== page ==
Real Life Examples of Culture of More Than 30 Countries
Then you'll be fascinated with People Are Culture's 200+ inspiring and thought-provoking stories about people around the world who are creating and preserving different cultures.
Through our interviews and profiles, examples of culture are brought to life by people all over the world who share their traditions and lifestyle. With the personal stories we present, you'll meet indigenous artisans; pioneering activists, innovators and changemakers; dedicated preservationists; spiritual seekers; global visionaries; and a host of others, who each relate their inspiration, process, techniques, and heritage. You'll also learn about their personal epiphanies, challenges, breakthroughs, and hopes for the future--for at the heart of all culture is the human condition we all share.
And check out our sister YouTube channel Flip the Lens, where people from all walks of life create and contribute videos about what makes us human!
More Than 200 Stories With Examples of Culture in 16 Categories!
We offer real life examples of cultures around the world in 16 categories of cultural universals: Archaeology; Architectural Styles; Cultural Heritage; Dance; Festivals
What do we mean by "cultural universals"? These are elements of society that every culture has. How they are carried out or their role in a given community may vary--but we all are very familiar with these behaviors or ways of life. There are many more cultural universals, but these are the ones we explore.
We are willing to bet that when you read one of our stories about different cultures, you will learn something new...you will recognize yourself...and feel a sense of human connection to creative people around the world! Welcome, and enjoy!
Archaeology is the study of human history and prehistory through the excavation of sites and the analysis of artifacts and other physical remains. Despite its focus on the past, archaeology brings to life themes as relevant today as they were several millennia ago: identity, sense of place, community, ritual, power, awe, and connection.
Think of any city in the world, and chances are you immediately call to mind an iconic skyline or building–the pyramids of Egypt, Gaudi’s Sagrada Família in Barcelona, the Taj Mahal in India, the Inca citadel of Machu Picchu in Peru. This cultural uniqueness is called “genius loci,” which means the “spirit of a place.”
Culture encompasses the past, the present and the future. Culture includes heritage and tradition, as well as creativity and innovation. To endure, be sustainable, and remain relevant, culture is dynamic and ever-changing.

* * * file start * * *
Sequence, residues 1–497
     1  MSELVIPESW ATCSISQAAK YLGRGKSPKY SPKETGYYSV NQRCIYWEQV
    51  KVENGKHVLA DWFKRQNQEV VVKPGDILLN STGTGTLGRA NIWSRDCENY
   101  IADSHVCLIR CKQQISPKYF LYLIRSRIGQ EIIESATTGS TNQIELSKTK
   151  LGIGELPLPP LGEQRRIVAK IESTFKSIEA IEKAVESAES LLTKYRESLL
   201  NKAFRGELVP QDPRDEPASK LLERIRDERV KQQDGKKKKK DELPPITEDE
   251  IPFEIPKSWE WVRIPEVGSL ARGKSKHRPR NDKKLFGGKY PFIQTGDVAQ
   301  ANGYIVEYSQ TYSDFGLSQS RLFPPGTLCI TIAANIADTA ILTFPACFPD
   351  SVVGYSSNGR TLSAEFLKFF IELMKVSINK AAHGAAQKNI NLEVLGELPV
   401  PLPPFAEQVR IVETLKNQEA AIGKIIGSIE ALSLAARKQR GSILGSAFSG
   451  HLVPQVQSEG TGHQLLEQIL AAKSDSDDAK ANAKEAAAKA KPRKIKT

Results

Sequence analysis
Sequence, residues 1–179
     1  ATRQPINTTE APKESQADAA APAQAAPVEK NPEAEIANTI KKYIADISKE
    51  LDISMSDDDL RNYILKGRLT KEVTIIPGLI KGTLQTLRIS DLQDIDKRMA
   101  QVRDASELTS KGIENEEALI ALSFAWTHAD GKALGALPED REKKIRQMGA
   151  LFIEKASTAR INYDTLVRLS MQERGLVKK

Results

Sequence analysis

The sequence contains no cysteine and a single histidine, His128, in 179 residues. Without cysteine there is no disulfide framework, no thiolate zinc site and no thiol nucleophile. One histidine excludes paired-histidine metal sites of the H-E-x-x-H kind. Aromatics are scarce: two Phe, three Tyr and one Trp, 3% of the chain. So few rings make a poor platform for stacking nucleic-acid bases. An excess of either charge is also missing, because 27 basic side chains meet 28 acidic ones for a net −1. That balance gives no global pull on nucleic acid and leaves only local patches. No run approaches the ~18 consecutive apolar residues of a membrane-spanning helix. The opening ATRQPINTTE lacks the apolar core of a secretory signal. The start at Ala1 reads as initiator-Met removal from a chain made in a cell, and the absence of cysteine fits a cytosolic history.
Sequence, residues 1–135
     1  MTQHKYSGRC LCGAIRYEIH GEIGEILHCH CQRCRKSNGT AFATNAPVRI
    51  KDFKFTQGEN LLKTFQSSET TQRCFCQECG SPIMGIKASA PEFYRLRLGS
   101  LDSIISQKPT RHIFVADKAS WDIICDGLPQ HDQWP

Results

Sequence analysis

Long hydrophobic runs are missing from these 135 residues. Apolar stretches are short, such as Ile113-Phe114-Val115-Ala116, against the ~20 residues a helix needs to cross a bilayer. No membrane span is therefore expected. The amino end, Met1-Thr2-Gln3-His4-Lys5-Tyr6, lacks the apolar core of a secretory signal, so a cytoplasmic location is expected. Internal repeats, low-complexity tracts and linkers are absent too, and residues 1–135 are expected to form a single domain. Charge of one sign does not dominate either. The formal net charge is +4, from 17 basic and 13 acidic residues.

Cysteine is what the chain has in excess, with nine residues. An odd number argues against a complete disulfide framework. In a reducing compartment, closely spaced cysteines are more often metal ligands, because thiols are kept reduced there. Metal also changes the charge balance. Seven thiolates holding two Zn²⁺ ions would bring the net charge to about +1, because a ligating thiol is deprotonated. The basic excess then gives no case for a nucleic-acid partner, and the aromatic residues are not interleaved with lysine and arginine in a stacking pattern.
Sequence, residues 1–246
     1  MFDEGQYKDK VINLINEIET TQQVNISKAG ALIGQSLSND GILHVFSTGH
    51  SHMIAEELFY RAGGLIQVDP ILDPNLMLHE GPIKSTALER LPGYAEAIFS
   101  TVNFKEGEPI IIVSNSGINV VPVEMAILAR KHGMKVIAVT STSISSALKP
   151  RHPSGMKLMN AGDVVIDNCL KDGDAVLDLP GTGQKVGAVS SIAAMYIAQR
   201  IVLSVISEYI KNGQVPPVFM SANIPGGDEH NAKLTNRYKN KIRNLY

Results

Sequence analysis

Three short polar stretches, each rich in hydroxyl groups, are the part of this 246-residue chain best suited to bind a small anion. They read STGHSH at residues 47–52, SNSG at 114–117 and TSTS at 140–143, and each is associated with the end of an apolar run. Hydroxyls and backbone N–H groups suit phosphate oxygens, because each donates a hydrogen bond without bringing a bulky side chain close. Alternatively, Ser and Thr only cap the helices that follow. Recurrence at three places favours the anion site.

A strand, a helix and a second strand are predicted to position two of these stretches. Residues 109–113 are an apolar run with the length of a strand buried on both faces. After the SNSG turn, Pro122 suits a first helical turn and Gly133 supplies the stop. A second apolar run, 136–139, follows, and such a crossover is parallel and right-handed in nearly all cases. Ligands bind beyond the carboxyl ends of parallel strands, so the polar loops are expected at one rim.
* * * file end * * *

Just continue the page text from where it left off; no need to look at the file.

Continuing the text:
Are you eager to have an authentic cultural experience in your next destination…but aren’t sure how to? Keen to understand how people in other parts of the world live…but don’t know how to go about meeting locals? We can help! We love to share ideas on how to travel with locals.
Dance is a powerful mode of communicating in a visceral way. Before the invention of written languages, dance was a primary method of passing stories down from generation to generation. Dance is an intrinsic part of life on many levels–social, ceremonial, competitive, eroctic, martial or sacred.
Festivals are a way to become part of a region’s community. Whether religious or seasonal, somber or silly, formal or casual, festivals mark an occasion that has some type of meaning for the people who honor it. Festivals are a window into the shared traditions and history.
Folk art expresses cultural identity by conveying shared community values and aesthetics and often reflect ethnic, tribal, or religious beliefs. Folk art encompasses a range of utilitarian and decorative media, including cloth, wood, paper, clay, metal and more.
Food is one of the most tangible and evocative cultural manifestations there is! If the main ingredient in “Culture” is identity, who doesn’t consider their favorite dish to be an integral part of who they are and where they come from?
Gardens and landscapes are two different ways to encounter our natural physical surroundings. Gardens are an aesthetic arrangement of nature, whereas landscapes may or may not have reflected intervention by humans.
The need to be heard and feel understood are part of our shared, universal human condition. A common understanding of how units of sounds and symbols are organized, written and spoken facilitate understanding and effective social interaction.
Maritime traditions reflect the tangible and intangible dimensions of the nautical life and encompass hard skills such as boat-building, fishing, salt harvesting as well as nuanced and mystical rituals, ceremonies and festivals.
One definition of preservation means to "keep alive". The desire to honor and share what we find meaningful seems to be hard-wired into our DNA. Neolithic man created cave art, alphabets began emerging around 2000 B.C.
A desire to connect with the Divine is a part of the human experience and how we make that connection personally is our spiritual practice; how we access something larger than ourselves as a collective creates a culture.
Textiles are a material manifestation of history, memory, and place, telling the story of people’s relationship with each other, their landscape, their culture–as well as chronicling the influences of conquerors, colonists, pilgrims, and trading partners.
Humans process information better visually than by any other means. With 90% of the data transmitted to the human brain being visual, its not surprising that the visual arts is such a diverse and far-reaching mode of cultural transmission.